Eventually, I found myself at a dead end. Crushed by the weight of anxiety and false control, I was trapped and isolated. I longed for a way out, but didn’t know where the out was.

One day in a moment of desperation, and in need of something concrete, I took a meaningful object connected to the situation and marched out into the woods behind my house. With tears streaming down my cheeks and with as much force as I could gather, I threw the memento as far as I could into the trees as I yelled aloud (to God), “You take it!” The words were few, the implications many. I wanted help. I wanted him to take it-all of it! The whole thing! I couldn’t and didn’t want to deal with the situation on my own any longer!

It was the first cast, and the first crack in the control I had so desperately clung to. Over the next days and weeks, I casted more and more. As I did, God helped me face reality and my fears. I was letting go, and embracing something new. It was hard and hurtful. It was a process, and I knew I would be okay if I kept casting forward.

The Bible tells us in 1 Peter 5:6-7, “Humble yourselves, therefore, under the mighty hand of God so that at the proper time he may exalt you, casting all your anxieties on him, because he cares for you.”

Dead ends and desperation can lead to humility. Learning to let go of our will, walking in obedience even when it doesn’t make sense, and accepting consolation and grace, are beginning steps toward overcoming anxiety and taking strength in Jesus Christ, our Lord and Savior.

Jesus wants us to cast- or throw- our anxieties and concerns on him. But this isn’t a game of catch. We shouldn’t wait for Jesus to throw our anxieties back to us. Nor is casting anxiety like a 50/50 custody arrangement in which we share the responsibility. We should not choose between the concerns we want God to be responsible for, and the ones we want to keep for ourselves.The Bible tell us to cast ALL anxieties on him.

Casting and releasing can be difficult though, and it often picks a fight with our will. Our humanity and lack of patience tempts us with the desire to take back cares back under our control. But Jesus wants to take our anxieties, hold them captive and work through them in his perfect power. In doing so, he restores, confirms, strengthens, and establishes us. (1 Peter 5:10)

Turning to God, turning over our anxieties, and taking hold of his truths are daily disciplines. It is the only way to successfully cast away and not take back our cares. With the Holy Spirit’s help, we can humble ourselves and trust that God cares for us and has a good plan for our lives.

In the right and proper time, God will set us high over our anxieties, and he may even give us a view of the larger picture of his plan. A plan that gives us hope and a future, a plan that often is very different than we thought. Until that time, keep casting, waiting, and practicing humility.

Happy Sunday! ❤


“You have listened to fears, Child.”


It’s almost impossible to be immune to the constant commentary on the coronavirus and to avoid devastating news of disasters and loss. Here’s the truth, this world can be a scary place.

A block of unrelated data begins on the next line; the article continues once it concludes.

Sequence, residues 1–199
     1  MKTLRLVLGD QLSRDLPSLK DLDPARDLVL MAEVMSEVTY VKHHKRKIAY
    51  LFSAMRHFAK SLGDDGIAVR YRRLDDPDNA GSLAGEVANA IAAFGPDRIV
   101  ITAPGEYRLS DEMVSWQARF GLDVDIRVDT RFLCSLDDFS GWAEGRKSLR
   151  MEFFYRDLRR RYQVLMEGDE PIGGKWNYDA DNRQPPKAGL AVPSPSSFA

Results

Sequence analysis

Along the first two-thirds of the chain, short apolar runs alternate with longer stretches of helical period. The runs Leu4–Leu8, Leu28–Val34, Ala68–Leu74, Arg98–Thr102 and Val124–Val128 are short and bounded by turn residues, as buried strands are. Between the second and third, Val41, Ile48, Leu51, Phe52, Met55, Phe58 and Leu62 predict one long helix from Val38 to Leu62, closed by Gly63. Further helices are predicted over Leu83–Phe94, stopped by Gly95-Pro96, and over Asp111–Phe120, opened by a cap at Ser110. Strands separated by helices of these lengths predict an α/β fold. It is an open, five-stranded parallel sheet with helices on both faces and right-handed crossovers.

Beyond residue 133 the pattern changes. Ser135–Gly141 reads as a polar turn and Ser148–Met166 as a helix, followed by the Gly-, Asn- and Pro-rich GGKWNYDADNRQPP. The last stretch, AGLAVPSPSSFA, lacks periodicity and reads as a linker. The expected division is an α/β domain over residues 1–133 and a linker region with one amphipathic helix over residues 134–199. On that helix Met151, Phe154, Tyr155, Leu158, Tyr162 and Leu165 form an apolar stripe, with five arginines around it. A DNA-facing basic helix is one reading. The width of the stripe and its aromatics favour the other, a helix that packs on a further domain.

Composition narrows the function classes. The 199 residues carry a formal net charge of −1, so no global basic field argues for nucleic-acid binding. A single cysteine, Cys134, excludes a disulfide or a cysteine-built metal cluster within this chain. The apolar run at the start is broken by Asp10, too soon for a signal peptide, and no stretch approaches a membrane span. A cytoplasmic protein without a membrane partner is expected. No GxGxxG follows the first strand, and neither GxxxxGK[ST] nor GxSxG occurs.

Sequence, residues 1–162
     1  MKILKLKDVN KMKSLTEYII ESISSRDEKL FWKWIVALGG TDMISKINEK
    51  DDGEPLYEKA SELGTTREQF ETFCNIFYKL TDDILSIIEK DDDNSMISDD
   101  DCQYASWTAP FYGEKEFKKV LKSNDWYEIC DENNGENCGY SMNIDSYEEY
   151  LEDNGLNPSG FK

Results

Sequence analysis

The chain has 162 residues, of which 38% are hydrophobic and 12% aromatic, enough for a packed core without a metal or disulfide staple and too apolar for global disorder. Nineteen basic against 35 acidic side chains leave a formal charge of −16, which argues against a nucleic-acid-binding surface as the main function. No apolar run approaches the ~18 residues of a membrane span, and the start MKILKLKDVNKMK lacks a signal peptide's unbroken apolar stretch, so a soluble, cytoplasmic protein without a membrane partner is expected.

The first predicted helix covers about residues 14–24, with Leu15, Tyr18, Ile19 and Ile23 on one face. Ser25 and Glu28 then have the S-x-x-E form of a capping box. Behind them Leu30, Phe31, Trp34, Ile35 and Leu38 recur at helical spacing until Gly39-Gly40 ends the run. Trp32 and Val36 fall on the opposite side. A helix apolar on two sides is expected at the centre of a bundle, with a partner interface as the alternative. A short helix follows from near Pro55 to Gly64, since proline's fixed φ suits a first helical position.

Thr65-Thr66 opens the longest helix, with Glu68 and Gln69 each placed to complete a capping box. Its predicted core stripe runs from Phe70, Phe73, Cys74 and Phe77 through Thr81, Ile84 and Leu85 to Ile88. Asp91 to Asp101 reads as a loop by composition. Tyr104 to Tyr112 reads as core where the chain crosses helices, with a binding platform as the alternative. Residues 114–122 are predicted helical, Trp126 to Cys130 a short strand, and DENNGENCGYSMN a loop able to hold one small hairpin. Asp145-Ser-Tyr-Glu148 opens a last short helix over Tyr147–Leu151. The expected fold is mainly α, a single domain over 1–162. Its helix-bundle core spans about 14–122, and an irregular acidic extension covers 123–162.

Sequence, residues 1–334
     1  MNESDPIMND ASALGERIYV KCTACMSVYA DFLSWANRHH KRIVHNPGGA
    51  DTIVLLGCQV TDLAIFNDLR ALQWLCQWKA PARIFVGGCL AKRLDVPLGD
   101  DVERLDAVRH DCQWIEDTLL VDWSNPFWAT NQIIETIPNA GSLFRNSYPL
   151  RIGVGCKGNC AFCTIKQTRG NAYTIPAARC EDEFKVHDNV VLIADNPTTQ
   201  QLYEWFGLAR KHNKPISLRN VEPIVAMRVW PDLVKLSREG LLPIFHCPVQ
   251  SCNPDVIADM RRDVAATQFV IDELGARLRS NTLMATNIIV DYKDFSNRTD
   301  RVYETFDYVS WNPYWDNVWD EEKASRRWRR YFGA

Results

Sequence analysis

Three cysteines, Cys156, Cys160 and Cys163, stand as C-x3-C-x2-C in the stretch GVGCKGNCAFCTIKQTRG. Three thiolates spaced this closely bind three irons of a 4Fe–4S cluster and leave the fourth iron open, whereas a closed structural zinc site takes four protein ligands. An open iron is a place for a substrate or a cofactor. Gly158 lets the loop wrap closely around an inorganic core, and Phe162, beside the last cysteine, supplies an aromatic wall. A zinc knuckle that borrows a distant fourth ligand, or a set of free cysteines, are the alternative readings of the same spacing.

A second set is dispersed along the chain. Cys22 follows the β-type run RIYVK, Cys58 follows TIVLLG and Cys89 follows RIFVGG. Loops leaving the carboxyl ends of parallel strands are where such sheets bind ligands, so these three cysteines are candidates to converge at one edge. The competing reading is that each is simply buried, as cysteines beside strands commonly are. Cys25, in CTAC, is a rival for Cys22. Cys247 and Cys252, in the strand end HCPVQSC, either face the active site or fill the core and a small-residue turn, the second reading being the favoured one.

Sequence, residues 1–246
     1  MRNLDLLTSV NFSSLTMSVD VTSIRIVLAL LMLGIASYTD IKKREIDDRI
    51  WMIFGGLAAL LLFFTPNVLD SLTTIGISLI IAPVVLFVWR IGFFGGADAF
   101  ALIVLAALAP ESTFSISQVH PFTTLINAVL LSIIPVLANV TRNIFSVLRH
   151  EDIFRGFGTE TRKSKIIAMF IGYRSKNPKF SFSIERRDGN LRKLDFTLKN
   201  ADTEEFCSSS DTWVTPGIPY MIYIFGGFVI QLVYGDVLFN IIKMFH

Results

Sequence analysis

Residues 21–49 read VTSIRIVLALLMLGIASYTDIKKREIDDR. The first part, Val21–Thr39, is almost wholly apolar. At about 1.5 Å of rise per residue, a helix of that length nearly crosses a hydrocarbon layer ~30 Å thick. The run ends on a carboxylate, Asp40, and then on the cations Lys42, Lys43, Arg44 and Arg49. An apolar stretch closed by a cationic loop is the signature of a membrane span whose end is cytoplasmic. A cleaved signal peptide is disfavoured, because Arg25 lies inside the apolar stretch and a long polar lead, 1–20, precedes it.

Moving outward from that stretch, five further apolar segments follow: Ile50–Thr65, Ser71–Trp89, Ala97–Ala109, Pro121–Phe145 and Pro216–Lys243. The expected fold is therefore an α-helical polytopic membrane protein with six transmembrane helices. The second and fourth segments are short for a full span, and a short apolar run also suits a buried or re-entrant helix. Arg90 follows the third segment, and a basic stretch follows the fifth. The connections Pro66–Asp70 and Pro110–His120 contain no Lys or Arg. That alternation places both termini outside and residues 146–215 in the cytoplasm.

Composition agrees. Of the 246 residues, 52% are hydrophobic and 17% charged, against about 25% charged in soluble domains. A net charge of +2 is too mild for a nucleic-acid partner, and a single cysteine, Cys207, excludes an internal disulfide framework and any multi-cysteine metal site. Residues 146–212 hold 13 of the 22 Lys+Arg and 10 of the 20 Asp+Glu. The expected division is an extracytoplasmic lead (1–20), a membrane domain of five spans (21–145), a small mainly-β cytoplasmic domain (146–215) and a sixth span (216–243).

While reassurances, reminders of wise actions, and fact checking are helpful, washing one’s hands will not make fear go down the drain with the germs. Fear compounded by divisions, blaming, isolation, and the unknown can spiral out of control.

Fear makes us face our humanity. It challenges our control. It tricks us into hesitation and uncertainly. Fear gets louder and louder until we are forced to listen and to respond.

Will fear freeze us or free us? It has the power to do both. It is how we deal with fear that makes the difference. Ignoring it will not make it go away; facing it, even in the smallest of ways, frees us to start focusing on other things. Our life.

A few tips to facing fear:

  1. Acknowledge the fear.
  2. Silence the noise (take a break from the TV and social media.)
  3. Make a list of all the things you are thankful for in your life.
  4. Recall a past fearful and scary situation, and think how you made it through it. What helped? What didn’t?
  5. Talk to a trusted friend, mentor, or pastor. No one should have to deal with fear alone.
  6. Read and repeat scripture. “He will never leave you nor forsake you. Do not be afraid; do not be discouraged.” -Deuteronomy 31:8
  7. Relinquish control to God. This is often difficult to do. I find when my Will is not willing, I ask the L“When I am afraid, I put my trust in you.”-Psalm 56:3
  8. Allow faith to cover & extinguish fear. “The LORD is my rock, my fortress and my deliverer.” -Psalm 18:2

“You have listened to fears, Child,’ said Aslan.

‘Come, let me breathe on you.

Forget them. Are you brave again?”

C.S. LEWIS

Finally, I came across this quote in the book Prince Caspian and it gave me a beautiful image of faith and fear fighting. Susan, one of the main characters, was struggling with fear and disbelief, and Ashlan (who represents Jesus) encourages her by acknowledging her struggle and offering her hope and relief. He does not condemn her, but gently strengthens her with his words and the breath of life.